The blog of the John S. and James L. Knight Foundation
Knight Foundation’s journalism and media innovation team gets much well-deserved attention for its media innovation work. Less discussed, but no less important, is the education of thousands of students and professionals each year through $200 million in endowed programs Knight has built over several decades to advance journalism excellence.
There are dozens of Knight-endowed chair and mid-career training programs. Since most of that work occurs at universities, I’ve also added some context—an analysis of 25 years of Knight’s journalism and media grantmaking to universities.
The Knight Chair program – 25 chairs at 22 universities – welcomed a new chair this month and four other new chairs this past year. They are: Dana Priest in national security journalism at the University of Maryland; Bill Adair in computational journalism at Duke University; John Affleck in sports journalism and society at Pennsylvania State University; Aly Colón in journalism ethics at Washington & Lee University; and Eric Freedman in environmental journalism at Michigan State University. There are currently two chair vacancies, one at Florida A&M University and the other at the University of Miami.
The chairs are top journalists. They bridge the newsroom-classroom gap through innovative teaching, experimental outreach projects and their own journalism. Together, we hope they are helping lead the profession to a better future in the 21st century. Every year we post their progress on the Knight website. You can read here, for example, about everything from Michael Pollan’s best-selling books on organic food to his thoughts about social media.
The chairs are overachievers. More examples of recent work: Penny Abernathy, the digital media economics chair at the University of North Carolina at Chapel Hill has a new book, “Saving Community Journalism,” based on a five-year study of local news sites’ finances. Bill Adair and his students at Duke are building a smart phone app that can put headlines on the new Pebble smart watch. International journalism chair Rosental Alves of the University of Texas Austin is producing Massive Open Online Courses that have reached 16,000 participants in 150 countries.
At the annual Knight Chair meeting this year, Media Innovation Associate Marie Gilot reviewed the chair endowments (now valued at $65.7 million). Michael Maness, journalism and media innovation vice president, discussed our Knight Prototype Fund and experiments in journalism education, and I reviewed the foundation’s historic giving to journalism.
We hear a lot from people about our push for digital transformation and higher quality journalism through the Carnegie-Knight Initiative on the Future of Journalism Education. We believe the initiative project is convincing at least some university presidents and industry leaders that journalism education is improving. That task required partnerships with schools that had visibility. An unintended consequence was the false perception that Knight only funds large programs at large universities.
That may have been true from 2004 to 2008, but it wasn’t true before that and it hasn’t been true since. So if professors or administrators at your college are saying it, you might note that two of Knight’s top five journalism and media innovation grants to universities in recent years include (in partnership with the foundation’s communities program) $5.75 million to the small private school, Queens University of Charlotte, N.C., and $3.8 million to Mercer University in Macon, Ga. Both are pioneers: Queens is taking responsibility for the digital media literacy rate of the entire city and Mercer has created a collaborative newsroom that combines a commercial newspaper, a public broadcaster and students and faculty.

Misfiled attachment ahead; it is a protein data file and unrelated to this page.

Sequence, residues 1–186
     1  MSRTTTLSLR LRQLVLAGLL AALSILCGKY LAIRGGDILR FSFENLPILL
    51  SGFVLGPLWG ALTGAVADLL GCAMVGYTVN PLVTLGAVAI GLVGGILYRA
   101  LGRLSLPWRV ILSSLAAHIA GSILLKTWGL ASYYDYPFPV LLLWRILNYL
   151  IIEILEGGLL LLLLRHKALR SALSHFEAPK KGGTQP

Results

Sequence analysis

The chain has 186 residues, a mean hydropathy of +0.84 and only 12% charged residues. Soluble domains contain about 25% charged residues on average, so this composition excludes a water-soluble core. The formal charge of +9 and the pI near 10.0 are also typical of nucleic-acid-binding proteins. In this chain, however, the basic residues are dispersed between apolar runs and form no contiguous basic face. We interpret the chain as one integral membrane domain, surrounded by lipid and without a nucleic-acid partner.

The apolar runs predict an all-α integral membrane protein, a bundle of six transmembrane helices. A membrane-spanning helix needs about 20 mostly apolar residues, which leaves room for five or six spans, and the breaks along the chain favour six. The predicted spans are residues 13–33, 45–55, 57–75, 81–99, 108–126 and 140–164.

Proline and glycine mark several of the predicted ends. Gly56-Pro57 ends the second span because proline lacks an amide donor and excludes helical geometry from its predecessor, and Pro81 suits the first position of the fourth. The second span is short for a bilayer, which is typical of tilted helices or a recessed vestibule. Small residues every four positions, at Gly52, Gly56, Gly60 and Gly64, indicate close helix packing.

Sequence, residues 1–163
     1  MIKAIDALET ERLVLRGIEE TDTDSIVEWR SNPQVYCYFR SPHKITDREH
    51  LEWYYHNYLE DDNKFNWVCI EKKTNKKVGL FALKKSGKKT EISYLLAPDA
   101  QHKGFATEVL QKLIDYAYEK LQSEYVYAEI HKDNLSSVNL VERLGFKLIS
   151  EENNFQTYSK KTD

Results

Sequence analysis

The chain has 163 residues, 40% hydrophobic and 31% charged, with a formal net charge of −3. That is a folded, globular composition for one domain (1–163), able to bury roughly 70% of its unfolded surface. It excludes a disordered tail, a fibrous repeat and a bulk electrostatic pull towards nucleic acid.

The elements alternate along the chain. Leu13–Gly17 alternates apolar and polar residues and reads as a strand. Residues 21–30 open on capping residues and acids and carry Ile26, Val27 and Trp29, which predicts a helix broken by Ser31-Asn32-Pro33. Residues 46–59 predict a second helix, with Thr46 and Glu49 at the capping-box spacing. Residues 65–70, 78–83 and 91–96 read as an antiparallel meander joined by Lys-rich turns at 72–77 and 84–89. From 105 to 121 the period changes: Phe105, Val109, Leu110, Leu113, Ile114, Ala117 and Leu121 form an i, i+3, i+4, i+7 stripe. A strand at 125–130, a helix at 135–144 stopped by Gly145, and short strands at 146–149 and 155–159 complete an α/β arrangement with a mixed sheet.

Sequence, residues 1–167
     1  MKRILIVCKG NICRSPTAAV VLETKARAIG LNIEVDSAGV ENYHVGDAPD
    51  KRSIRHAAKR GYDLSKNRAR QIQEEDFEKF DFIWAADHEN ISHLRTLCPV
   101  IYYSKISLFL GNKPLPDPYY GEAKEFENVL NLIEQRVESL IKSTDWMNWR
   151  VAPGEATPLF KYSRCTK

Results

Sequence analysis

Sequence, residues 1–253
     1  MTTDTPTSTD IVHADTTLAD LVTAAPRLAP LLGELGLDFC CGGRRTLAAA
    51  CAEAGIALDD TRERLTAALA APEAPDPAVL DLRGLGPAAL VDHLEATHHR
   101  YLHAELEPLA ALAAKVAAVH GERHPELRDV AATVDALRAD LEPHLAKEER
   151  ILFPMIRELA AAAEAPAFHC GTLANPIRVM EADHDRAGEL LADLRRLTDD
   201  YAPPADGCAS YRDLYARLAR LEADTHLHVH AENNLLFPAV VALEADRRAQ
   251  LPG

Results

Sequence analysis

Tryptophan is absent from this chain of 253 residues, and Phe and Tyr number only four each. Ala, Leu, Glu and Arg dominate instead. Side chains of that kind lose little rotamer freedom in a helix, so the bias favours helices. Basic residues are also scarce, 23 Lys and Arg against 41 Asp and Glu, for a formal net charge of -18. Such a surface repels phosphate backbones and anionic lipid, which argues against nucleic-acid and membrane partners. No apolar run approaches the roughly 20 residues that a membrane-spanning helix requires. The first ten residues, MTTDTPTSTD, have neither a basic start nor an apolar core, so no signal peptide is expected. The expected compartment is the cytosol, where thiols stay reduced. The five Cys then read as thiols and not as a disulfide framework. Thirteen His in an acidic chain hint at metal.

We’re able to more seamlessly focus on new projects today because back in the 1980s and 1990s Knight endowed major and fellowship training programs. Every year those continue to help working journalists. In addition, one of our most successful education projects, the Poynter Institute’s NewsU, not only has more than 250,000 registered users but is making training agreements with major newspaper organizations.
The Knight journalism fellowship programs are, in my opinion, gold mines for working journalists. I’d argue they are the best long-format mid-career training programs anywhere. Among them are fellows focusing on media innovation and leadership, business reporting, science reporting and specialty journalism. They include:
These are just the larger projects. There are many others, including the Knight Law and Media Program at Yale University. They are different but have a singular purpose. They address the shortage of what Harvard’s Tom Patterson calls “knowledge journalism.” In his book “Informing the News,” Patterson writes that journalists cannot meet democracy’s needs unless they become “knowledge professionals” with a greater understanding of the topics and issues they cover.
The notion of knowing what you report on is not new. In a way it’s just common sense. People have been calling for more intelligent journalism since the first story. Still, Patterson makes a good case that the digital disruption of traditional media economics has affected not only quantity but quality. I agree, of course, and hope an understanding of our mid-career and endowed chair programs will help people think about quality reporting as well as digital media when they hear the radio tag line, “Knight Foundation helps advance journalism excellence in the digital age.”
Eric Newton, senior adviser to the president at Knight Foundation